32

When you're editing a file in vim, it generates a swapfile with the same name as your current file, but with a .swp extension.

If .swp is already taken, then it generates one a .swo one. If that's already taken, then you get .swa, etc. etc.

I couldn't find any documentation on what the exact naming-fallback order is for these files, can anyone clarify by what convention the extensions are chosen?

44

The particular piece of code that you're looking for (and comment) is in memline.c:

    /* 
     * Change the ".swp" extension to find another file that can be used. 
     * First decrement the last char: ".swo", ".swn", etc. 
     * If that still isn't enough decrement the last but one char: ".svz" 
     * Can happen when editing many "No Name" buffers. 
     */
    if (fname[n - 1] == 'a')        /* ".s?a" */
    {   
        if (fname[n - 2] == 'a')    /* ".saa": tried enough, give up */
        {   
            EMSG(_("E326: Too many swap files found"));
            vim_free(fname);
            fname = NULL;
            break;  
        }
        --fname[n - 2];             /* ".svz", ".suz", etc. */
        fname[n - 1] = 'z' + 1;
    }
    --fname[n - 1];                 /* ".swo", ".swn", etc. */
22

The information from the code snippet is in Vim's help. See :h swap-file:

The name of the swap file is normally the same as the file you are editing,
with the extension ".swp".
- On Unix, a '.' is prepended to swap file names in the same directory as the
  edited file.  This avoids that the swap file shows up in a directory
  listing.
- On MS-DOS machines and when the 'shortname' option is on, any '.' in the
  original file name is replaced with '_'.
- If this file already exists (e.g., when you are recovering from a crash) a
  warning is given and another extension is used, ".swo", ".swn", etc.
- An existing file will never be overwritten.
- The swap file is deleted as soon as Vim stops editing the file.

Technical: The replacement of '.' with '_' is done to avoid problems with
       MS-DOS compatible filesystems (e.g., crossdos, multidos).  If Vim
       is able to detect that the file is on an MS-DOS-like filesystem, a
       flag is set that has the same effect as the 'shortname' option.
       This flag is reset when you start editing another file.

                            *E326*
       If the ".swp" file name already exists, the last character is
       decremented until there is no file with that name or ".saa" is
       reached.  In the last case, no swap file is created.
17

In, slightly easier on the eyes, regex-speak:

[._]*.s[a-v][a-z]
[._]*.sw[a-p]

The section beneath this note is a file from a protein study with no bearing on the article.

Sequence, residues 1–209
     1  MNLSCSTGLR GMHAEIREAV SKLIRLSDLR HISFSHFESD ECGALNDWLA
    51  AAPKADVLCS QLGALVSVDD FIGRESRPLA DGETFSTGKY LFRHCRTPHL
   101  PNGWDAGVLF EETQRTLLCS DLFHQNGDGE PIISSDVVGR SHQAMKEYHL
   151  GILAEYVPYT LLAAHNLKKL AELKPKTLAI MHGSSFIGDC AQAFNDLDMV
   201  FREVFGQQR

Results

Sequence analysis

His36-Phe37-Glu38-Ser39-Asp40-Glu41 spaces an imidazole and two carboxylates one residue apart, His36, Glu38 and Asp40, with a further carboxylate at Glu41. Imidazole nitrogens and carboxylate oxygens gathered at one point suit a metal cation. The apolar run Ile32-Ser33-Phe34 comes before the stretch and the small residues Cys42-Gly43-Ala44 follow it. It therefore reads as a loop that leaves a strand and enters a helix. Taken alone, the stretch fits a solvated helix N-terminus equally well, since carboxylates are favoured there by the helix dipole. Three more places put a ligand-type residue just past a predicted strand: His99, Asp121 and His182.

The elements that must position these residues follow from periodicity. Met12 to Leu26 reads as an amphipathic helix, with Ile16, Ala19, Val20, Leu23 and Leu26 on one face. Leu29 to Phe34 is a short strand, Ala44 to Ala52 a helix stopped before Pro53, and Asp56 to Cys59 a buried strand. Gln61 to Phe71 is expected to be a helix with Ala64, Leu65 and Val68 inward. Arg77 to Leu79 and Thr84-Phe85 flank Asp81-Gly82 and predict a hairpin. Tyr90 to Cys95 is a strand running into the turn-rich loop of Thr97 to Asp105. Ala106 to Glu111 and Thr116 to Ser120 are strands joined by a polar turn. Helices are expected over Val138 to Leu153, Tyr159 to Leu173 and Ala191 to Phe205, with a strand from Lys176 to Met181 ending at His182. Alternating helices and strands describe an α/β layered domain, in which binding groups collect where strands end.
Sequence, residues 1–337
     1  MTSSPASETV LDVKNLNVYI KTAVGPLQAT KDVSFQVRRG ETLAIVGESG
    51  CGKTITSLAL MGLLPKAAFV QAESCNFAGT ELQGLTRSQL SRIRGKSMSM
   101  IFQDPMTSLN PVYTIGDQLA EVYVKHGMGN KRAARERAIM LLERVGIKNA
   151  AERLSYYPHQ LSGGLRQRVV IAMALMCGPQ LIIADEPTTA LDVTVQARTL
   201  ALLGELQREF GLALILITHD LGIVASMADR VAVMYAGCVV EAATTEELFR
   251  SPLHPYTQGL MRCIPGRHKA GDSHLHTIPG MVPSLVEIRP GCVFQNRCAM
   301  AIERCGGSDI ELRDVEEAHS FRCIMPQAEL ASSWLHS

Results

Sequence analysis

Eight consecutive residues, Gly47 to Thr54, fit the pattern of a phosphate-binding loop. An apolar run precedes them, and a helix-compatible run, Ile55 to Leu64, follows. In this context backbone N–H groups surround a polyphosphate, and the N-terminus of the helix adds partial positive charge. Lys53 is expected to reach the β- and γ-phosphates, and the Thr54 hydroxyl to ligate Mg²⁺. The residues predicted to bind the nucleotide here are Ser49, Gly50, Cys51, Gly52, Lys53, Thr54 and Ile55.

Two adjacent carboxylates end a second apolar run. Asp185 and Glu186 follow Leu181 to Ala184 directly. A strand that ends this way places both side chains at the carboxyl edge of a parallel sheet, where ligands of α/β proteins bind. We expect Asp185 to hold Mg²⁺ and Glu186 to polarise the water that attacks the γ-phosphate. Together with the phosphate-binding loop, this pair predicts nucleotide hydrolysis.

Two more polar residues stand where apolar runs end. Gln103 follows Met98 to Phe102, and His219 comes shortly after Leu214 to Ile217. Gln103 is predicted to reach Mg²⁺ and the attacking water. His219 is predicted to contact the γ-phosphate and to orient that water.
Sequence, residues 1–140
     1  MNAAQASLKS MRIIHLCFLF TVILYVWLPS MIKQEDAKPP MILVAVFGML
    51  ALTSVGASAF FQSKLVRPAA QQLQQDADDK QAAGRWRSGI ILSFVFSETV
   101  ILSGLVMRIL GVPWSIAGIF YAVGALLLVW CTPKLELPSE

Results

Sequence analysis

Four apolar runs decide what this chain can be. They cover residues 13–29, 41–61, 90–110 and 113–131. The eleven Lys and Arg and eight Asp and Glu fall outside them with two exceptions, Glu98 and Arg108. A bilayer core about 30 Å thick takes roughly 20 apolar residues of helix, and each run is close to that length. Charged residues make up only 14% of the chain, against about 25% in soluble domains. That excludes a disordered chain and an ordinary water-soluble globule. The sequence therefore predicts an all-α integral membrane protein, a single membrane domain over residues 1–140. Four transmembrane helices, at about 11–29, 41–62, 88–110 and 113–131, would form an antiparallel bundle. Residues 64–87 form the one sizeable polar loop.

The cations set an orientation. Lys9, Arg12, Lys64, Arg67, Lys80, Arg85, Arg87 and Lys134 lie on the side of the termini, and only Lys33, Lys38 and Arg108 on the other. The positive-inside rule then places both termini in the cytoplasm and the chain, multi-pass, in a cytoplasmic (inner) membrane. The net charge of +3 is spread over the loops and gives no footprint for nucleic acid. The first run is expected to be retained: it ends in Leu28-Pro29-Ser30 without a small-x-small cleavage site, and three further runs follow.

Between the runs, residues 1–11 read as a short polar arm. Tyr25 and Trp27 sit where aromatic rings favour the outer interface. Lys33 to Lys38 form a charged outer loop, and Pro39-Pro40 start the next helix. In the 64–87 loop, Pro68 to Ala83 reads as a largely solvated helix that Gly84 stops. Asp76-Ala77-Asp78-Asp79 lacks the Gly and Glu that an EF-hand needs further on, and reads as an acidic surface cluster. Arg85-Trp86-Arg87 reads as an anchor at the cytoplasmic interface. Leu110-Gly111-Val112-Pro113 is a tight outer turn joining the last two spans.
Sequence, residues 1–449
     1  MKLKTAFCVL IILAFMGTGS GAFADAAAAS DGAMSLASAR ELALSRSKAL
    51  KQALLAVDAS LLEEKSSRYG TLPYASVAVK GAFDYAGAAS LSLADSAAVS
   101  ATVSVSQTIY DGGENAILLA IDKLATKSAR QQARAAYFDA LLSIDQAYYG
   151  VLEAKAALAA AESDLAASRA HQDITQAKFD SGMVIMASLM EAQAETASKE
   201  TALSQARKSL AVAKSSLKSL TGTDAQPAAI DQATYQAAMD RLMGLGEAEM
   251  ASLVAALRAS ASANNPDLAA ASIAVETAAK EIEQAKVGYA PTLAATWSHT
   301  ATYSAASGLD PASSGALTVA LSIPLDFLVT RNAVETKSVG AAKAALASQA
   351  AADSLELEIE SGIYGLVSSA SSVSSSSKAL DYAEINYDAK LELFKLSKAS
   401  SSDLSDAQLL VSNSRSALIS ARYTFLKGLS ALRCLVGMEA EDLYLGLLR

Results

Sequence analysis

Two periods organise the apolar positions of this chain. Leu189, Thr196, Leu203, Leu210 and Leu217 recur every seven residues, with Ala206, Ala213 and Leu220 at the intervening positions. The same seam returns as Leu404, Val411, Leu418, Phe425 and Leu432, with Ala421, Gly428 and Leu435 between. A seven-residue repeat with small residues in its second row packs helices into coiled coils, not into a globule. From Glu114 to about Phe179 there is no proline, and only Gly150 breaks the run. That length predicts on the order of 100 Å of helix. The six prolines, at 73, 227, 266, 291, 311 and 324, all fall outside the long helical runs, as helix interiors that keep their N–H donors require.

[._]s[a-v][a-z]
[._]sw[a-p]

The source for this is Github's own gitignore file for Vim.

9

good enough .gitignore

While the other answers here are clearly more technically complete here is a good enough entry for most .gitignores which is where I've cared about this most often:

# vim swap files
##################
*.sw[a-p]

As you can see from the other answers vim can create hundreds of other names, but you'd have to stack up 16 swap files before this would fail. By generalizing to something like *.s[a-z][a-z] could appear more correct it will also match lots of valid extensions which in the case of .gitignore means those files won't be tracked by git. I've never managed to create 16 swap files for the same file in 20 years of using vim so I hope you can manage to do the same and this will work for you.

stricter version

As pointed out in the comments Flash developers may have .swf files so you may prefer

*.sw[g-p]

which will still ignore 10 swap files which is plenty for most people. The only sad part is you lose the "swap" mnemonic.

  • 2
    Unless I'm missing something, that's only going to catch "swp" since the next one is "swo" not "swq". Personally, I use "*.sw[a-p]" for the reason you gave and also because it reads "swap" :) – JoL Nov 29 '16 at 21:39
  • 1
    To avoid ignoring things that aren't vim swap files like .sw2 or .sw$ that should be tracked in the repo. – chicks Nov 29 '16 at 23:39
  • 2
    Remember to include your .swf files. Or upgrade your Flash developers to HTML5 :-) – Jan Fabry Nov 30 '16 at 11:06
  • 3
    You can avoid most legitimate files being caught by checking for the leading . or _ which is also added. – IMSoP Nov 30 '16 at 13:39
  • 2
    I discovered the *.sw[a-p] mnemonic myself. I love it :) – Wayne Werner Nov 30 '16 at 14:36
1

This .gitignore alternative should satisfy everyone. The second line negates ignoring '*.swf'.

*.sw[a-p]
!*.swf

Your Answer

By clicking “Post Your Answer”, you agree to our terms of service, privacy policy and cookie policy

Not the answer you're looking for? Browse other questions tagged or ask your own question.